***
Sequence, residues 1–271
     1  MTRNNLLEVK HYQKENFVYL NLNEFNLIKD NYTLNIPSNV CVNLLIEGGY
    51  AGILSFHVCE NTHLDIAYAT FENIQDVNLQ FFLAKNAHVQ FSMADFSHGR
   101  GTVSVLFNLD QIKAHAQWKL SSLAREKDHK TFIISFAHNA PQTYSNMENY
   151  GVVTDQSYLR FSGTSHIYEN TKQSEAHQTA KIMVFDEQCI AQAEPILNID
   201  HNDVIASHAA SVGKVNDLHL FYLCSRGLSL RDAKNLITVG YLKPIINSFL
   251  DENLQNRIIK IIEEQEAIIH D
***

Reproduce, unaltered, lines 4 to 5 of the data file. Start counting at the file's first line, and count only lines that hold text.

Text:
   101  GTVSVLFNLD QIKAHAQWKL SSLAREKDHK TFIISFAHNA PQTYSNMENY
   151  GVVTDQSYLR FSGTSHIYEN TKQSEAHQTA KIMVFDEQCI AQAEPILNID